Game Message and Choice dynamic text code Tutorial

Discussion in 'RPG Maker MV Tutorials' started by Aryam777, Mar 14, 2017.

  1. Aryam777

    Aryam777 Villager Member

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    Messages and Choices via Scripts and Dynamic Text Codes

    It has been very difficult to find an answer for this, as well as to find a cohesive explanation of choice scripting. Google searching and copy pasting always makes the console to dump an exception on you... While trying to overcome the problem I noticed many rpg's still have it... Disappearing messages before choices, having to make choices based on how well the player has to remember the characters stats...
    Or having to write "If this then write message "he can't use this", If that then write message "he can't use that"...
    That's the problem with Text Codes. They're inherently non-dynamic.
    You can display a variable's value using text codes... But what if you want to use that variable to display something else, like the proper Icon? \i[x]... But you have to type in the 'x'. The 'x' can't be a variable. It's got to be hard coded into your message.
    Well no more. :)

    First and foremost the RPGMMV Command you need to use is the last one... The dreaded "Script" command. But you should not fear it. Sometimes all it does is let you reach for some variable or make a simple calculation here and there in more simple and neat ways than a plugin would.
    All script commands are separated with ";". Which means you can and unfortunately have to place multiple commands in one line, because the "Script" command space is limited to only 12 lines of code... But each line can be as long as you like. :)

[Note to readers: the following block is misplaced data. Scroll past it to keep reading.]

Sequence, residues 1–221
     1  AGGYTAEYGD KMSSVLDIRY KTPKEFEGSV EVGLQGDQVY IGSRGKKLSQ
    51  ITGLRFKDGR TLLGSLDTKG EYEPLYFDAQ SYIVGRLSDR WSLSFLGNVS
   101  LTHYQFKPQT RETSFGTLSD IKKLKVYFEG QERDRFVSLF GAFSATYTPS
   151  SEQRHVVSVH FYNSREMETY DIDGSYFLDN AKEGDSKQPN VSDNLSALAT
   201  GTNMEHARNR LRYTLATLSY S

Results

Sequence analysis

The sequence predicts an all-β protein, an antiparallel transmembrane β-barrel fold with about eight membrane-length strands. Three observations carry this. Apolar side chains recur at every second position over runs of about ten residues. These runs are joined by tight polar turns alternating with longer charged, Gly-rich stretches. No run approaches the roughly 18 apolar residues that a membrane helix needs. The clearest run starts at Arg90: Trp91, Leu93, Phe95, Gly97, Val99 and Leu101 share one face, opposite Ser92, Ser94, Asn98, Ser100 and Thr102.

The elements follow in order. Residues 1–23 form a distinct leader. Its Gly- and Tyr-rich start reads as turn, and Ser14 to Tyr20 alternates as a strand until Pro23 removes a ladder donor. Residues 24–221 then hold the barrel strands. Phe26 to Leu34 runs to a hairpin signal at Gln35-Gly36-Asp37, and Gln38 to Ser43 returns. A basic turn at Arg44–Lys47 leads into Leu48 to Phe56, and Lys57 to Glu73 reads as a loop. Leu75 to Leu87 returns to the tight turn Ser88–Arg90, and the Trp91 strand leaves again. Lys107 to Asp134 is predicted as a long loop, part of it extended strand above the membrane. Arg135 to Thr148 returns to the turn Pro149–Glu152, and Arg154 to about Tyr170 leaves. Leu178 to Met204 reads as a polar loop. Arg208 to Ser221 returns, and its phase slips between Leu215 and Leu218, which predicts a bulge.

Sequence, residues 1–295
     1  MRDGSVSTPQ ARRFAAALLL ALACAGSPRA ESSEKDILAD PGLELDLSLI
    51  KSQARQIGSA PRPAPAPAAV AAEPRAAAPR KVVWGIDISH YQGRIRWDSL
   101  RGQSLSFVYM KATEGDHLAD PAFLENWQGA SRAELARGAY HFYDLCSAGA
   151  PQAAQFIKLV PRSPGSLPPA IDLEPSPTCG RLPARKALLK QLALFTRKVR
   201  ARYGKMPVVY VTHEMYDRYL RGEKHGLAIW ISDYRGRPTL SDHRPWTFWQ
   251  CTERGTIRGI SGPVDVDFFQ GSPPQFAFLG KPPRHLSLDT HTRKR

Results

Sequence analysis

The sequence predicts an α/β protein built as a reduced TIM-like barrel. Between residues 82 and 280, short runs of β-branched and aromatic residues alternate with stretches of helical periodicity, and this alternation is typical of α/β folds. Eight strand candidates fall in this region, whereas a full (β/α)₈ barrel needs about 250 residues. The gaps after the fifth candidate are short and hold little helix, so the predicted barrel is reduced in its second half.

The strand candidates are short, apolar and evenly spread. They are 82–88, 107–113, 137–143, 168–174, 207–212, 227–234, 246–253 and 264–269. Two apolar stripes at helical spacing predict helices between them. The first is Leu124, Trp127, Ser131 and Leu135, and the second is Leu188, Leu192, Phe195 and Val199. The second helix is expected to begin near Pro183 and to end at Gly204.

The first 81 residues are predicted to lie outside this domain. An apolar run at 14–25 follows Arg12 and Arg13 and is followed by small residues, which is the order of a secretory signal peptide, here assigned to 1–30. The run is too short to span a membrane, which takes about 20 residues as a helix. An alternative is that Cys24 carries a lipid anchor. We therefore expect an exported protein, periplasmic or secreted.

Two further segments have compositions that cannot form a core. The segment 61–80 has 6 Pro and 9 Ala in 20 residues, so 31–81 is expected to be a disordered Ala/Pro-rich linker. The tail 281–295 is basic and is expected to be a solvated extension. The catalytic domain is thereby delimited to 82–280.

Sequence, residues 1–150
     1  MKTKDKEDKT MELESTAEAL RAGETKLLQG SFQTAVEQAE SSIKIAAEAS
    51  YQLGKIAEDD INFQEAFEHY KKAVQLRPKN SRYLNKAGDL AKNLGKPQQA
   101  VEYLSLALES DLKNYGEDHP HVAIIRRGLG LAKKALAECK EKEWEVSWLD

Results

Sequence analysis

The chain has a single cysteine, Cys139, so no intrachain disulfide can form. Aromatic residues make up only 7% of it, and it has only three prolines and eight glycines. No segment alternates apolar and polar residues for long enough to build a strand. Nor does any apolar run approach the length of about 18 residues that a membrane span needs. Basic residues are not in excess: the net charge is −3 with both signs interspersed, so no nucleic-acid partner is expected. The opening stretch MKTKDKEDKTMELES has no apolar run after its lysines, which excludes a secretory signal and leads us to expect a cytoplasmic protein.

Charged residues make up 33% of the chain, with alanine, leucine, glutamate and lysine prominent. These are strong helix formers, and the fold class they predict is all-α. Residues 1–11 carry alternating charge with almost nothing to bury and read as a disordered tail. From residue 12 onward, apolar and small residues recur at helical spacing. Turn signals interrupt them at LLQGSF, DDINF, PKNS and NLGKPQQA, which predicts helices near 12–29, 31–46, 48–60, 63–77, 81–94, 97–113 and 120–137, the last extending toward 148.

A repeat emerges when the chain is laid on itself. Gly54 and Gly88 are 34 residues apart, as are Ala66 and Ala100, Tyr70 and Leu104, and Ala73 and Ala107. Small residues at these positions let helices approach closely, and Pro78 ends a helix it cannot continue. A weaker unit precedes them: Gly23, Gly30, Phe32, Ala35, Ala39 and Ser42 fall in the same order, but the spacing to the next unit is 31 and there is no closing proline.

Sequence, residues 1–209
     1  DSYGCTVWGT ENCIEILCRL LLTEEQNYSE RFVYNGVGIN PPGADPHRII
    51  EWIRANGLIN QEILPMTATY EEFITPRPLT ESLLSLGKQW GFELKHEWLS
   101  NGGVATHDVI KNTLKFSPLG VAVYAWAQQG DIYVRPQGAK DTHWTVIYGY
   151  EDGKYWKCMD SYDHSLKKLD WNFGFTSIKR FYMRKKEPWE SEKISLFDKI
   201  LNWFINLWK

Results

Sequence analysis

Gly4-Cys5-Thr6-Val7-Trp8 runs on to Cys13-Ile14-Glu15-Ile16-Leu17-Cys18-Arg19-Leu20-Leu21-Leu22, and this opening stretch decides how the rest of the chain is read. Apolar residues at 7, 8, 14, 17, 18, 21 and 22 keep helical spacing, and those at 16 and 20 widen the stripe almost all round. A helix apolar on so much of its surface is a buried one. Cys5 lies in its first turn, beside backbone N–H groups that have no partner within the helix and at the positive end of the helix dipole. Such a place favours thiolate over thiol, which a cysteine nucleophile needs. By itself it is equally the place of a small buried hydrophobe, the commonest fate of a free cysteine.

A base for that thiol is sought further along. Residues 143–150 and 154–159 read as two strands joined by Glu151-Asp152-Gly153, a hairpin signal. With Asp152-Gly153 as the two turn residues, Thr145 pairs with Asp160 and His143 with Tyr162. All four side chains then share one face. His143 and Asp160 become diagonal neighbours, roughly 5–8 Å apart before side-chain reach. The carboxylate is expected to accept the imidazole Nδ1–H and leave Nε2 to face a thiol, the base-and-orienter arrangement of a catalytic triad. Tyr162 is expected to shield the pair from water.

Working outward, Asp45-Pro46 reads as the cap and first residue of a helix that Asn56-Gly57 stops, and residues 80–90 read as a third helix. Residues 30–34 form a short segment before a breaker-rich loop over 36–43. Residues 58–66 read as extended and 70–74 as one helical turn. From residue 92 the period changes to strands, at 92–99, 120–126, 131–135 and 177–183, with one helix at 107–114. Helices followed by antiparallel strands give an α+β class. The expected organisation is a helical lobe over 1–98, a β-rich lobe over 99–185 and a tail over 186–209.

Now writing like this:
    *code*; *code*;
    is much more messy than like this:
    *code*;
    *code*;
    But fear not. You can write your code neatly in a notepad and right before copy pasting it into your "Script" command you can make a double copy of your code somewhere below and safely BACKSPACE through all your new lines. Then copy and paste that mess you made into the "Script" command. It will work as in javascript code new lines are completely meaningless and serve no purpose but to make to code look nicer. :)
    And if you have two copies of your code, you can always make bigger and more difficult changes in the first, neat copy of it before making a mess of it, that will fit inside the "Script" command window. :)

    So first we will start with scripting up a message window with dynamic text codes. Dynamic text codes can allow you to use different variables depending on some conditions. Like use a previously picked item and it's icon in a text. In this way:

    First a player has to pick an item, what you can prepare through Event Command - Pick Item
    DynTCode1.jpg

    This will result in the following question screen:
    DynTCode0.jpg

    Now simply use the variable that stored the item's ID to point an item text code to the right item ID in the database with the \ii command:
    DynTCode2.jpg

    This will implement your item's ID value within the \ii[x] text code yielding the following result:
    DynTCode3.jpg

    Now for the explanation and script calls displaying the text with a dynami variable:

    Start your script with this:
    $gameMessage.setFaceImage('Actor1',0);
    This line sets the face image attached to the message. First argument is the file's name (without extension),
    and the other is faces index counting from 0-8.

    $gameMessage.setBackground(1);
    This sets the background of the message window as follows: 0 - bordered window, 1 - dimmed borderless, 2 - completely transparent.

    $gameMessage.setPositionType(2);